The TRENDS High-Contrast Imaging Survey. VI. Discovery of a Mass, Age, and Metallicity Benchmark Brown Dwarf
Crepp et al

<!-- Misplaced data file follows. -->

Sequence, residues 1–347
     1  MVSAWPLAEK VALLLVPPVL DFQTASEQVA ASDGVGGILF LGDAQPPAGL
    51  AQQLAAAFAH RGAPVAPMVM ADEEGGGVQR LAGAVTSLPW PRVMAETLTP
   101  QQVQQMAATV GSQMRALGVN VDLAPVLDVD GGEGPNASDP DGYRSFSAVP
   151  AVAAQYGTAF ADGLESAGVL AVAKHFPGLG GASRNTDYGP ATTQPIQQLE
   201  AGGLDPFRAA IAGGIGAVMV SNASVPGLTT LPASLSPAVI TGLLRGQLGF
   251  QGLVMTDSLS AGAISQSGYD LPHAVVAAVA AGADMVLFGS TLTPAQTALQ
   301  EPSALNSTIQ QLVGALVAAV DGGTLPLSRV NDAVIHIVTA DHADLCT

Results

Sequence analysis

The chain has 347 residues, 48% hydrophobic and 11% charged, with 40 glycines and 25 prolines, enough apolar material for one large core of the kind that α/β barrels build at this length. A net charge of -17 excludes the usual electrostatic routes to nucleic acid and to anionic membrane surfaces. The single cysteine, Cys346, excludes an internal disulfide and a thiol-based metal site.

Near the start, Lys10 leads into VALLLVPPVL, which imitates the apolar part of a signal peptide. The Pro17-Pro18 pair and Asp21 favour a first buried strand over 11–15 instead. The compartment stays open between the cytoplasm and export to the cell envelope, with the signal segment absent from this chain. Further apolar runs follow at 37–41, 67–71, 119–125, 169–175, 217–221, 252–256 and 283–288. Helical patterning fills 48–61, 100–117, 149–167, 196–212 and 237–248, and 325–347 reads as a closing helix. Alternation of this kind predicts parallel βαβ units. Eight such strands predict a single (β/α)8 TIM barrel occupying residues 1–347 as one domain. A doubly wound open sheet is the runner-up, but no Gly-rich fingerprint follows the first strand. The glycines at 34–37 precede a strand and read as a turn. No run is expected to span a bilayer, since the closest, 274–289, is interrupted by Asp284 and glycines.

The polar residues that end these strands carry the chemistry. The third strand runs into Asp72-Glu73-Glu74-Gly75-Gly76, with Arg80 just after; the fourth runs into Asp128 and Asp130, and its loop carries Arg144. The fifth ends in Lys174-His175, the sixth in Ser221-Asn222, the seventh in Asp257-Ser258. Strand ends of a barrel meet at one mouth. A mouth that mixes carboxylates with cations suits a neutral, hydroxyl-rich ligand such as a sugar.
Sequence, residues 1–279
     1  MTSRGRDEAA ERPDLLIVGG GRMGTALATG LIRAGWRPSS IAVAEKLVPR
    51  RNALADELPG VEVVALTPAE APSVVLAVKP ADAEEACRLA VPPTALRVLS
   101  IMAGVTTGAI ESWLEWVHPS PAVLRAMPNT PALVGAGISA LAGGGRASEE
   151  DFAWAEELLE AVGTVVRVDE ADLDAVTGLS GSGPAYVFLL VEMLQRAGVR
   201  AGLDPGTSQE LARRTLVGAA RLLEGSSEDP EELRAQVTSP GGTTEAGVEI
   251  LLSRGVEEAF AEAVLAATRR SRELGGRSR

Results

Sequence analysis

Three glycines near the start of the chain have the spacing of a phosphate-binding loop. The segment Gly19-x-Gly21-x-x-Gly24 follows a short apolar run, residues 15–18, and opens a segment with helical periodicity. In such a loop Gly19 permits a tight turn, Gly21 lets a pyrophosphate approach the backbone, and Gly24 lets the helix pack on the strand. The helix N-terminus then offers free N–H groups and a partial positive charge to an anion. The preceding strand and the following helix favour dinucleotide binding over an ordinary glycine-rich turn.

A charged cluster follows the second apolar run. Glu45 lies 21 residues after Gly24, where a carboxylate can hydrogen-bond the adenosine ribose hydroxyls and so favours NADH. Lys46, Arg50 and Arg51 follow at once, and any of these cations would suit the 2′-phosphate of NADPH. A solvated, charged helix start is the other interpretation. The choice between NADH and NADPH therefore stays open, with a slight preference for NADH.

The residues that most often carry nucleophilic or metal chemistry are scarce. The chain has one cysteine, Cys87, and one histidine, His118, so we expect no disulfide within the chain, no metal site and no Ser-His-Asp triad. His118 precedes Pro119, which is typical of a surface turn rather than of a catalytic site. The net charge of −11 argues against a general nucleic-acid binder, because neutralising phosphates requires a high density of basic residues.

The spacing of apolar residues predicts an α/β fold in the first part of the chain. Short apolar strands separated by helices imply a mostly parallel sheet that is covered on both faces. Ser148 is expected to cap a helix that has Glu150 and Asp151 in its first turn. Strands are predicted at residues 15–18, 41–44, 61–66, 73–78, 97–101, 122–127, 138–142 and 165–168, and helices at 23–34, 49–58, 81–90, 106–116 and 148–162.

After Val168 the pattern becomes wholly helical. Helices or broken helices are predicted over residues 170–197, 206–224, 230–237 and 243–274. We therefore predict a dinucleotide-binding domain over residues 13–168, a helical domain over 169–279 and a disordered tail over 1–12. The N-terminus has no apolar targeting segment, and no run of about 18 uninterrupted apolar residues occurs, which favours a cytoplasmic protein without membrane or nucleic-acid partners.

The mass and age of substellar objects are degenerate parameters leaving the evolutionary state of brown dwarfs ambiguous without additional information. Theoretical models are normally used to help distinguish between old, massive brown dwarfs and young, low mass brown dwarfs but these models have yet to be properly calibrated. We have carried out an infrared high-contrast imaging program with the goal of detecting substellar objects as companions to nearby stars to help break degeneracies in inferred physical properties such as mass, age, and composition. Rather than using imaging observations alone, our targets are pre-selected based on the existence of dynamical accelerations informed from years of stellar radial velocity (RV) measurements. In this paper, we present the discovery of a rare benchmark brown dwarf orbiting the nearby (d=18.69±0.19 pc), solar-type (G9V) star HD 4747 ([Fe/H]=−0.22±0.04) with a projected separation of only ρ=11.3±0.2 AU (θ≈ 0.6''). Precise Doppler measurements taken over 18 years reveal the companion's orbit and allow us to place strong constraints on its mass using dynamics (msin(i)=55.3±1.9MJ). Relative photometry (ΔKs=9.05±0.14, MKs=13.00±0.14, Ks−L′=1.34±0.46) indicates that HD 4747 B is most-likely a late-type L-dwarf and, if near the L/T transition, an intriguing source for studying cloud physics, variability, and polarization. We estimate a model-dependent mass of m=72+3−13MJ for an age of 3.3+2.3−1.9 Gyr based on gyrochronology. Combining astrometric measurements with RV data, we calculate the companion dynamical mass (m=60.2±3.3MJ) and orbit (e=0.740±0.002) directly. As a new mass, age, and metallicity benchmark, HD 4747 B will serve as a laboratory for precision astrophysics to test theoretical models that describe the emergent radiation of brown dwarfs.